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Monday, April 6, 2020

Supreme Court rejects emergency suspension request for Jacksonville lawyer

By Christopher Mobley | Jan 29, 2017

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JACKSONVILLE — After being accused of illegally seeking business after a Texas woman's death, attorney Christopher M. Chestnut has been allowed to retain his license to practice law in Florida.

According to the Gainesville Sun, the Florida Supreme Court denied a request by the State Bar of Florida for an emergency suspension of Chestnut's law license.

The request for the suspension of Chestnut's license came after Chestnut and Dallas City Councilwoman Tiffinni Young were accused of illegally soliciting legal business, a practice commonly known as “ambulance chasing.” The accusations were brought forward by Matisha Ward, the daughter of Antoinette Brown, who died last May after being attacked by a pack of dogs and being bit more than 100 times in southern Dallas, DallasNews.com reported.

A report on wfaa.com said Ward filed a lawsuit against Chestnut and also filed an ethics complaint against Young on Aug. 26, claiming that Young sent her text messages requesting to meet with her while her mother was hospitalized shortly after the attack; and that according to text messages and phone-call recordings, both Young and Chestnut solicited her for legal business four days after the death of her mother.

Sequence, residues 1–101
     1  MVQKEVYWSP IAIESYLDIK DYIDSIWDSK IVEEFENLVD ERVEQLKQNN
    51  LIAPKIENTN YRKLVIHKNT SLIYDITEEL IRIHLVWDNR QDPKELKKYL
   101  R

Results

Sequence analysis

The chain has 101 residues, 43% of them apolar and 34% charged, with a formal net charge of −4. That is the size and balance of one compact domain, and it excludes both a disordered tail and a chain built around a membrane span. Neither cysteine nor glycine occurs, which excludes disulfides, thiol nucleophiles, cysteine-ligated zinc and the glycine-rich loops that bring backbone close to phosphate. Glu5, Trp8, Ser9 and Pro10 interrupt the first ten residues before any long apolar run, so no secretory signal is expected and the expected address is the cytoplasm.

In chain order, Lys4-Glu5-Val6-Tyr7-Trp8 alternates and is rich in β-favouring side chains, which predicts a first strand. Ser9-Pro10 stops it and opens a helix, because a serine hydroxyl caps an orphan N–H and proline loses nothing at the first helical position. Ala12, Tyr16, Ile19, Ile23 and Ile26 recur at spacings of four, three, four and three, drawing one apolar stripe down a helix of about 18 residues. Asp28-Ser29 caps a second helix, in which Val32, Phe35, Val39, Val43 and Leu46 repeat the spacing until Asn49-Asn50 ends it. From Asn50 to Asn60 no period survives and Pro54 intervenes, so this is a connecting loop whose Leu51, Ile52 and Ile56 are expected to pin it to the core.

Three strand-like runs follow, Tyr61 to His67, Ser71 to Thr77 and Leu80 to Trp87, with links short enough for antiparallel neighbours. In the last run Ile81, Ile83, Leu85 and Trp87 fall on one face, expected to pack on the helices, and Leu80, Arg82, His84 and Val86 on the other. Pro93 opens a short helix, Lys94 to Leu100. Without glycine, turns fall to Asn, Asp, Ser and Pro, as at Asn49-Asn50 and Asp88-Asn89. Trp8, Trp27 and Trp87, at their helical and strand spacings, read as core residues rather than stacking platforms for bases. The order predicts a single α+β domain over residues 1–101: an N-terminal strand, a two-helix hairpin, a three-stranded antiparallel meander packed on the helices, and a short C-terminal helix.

The request for emergency suspension of Chestnut's license by the Florida Bar, which followed the Dallas lawsuit, cited nine bar disciplinary issues while arguing that Chestnut was guilty of accusations that included litigation, civil conspiracy and illegal solicitation.

Chestnut and Young both denied any wrongdoing in the case filed by Ward. Both claimed that they were simply trying to help Ward in a time of need.

Chestnut told The Gainesville Sun that he felt “justice does exist” after the Florida Supreme Court's decision to deny the Florida Bar's request for emergency suspension of Chestnut's license.

Chestnut also told The Gainesville Sun that he was grateful for the decision and that he thought that the petition was baseless.

“It's what I've maintained the entire time. There's no merit,” he said.

The suit filed by Ward, as well as another case against Chestnut, is still pending. The case also included allegations that Chestnut committed violations such as practicing law in states where he was not licensed.

According to Chestnut's profile page on the Florida Bar website, he was admitted to the state bar in April 2006. He is listed as a “member in good standing” on the page, and his address is listed in Jacksonville.

Chestnut's page on the website of his firm, The Chestnut Firm, stated that he was named one of the nation's top 100 lawyers in 2012 by the media company On Being A Black Lawyer. In 2010, he was recognized as “The Nation's Best Advocate” in the National Bar Association's National Top 40 Lawyers Under 40 awards ceremony.

His firm has three offices in Florida, and one each in Atlanta and Charlotte, North Carolina.

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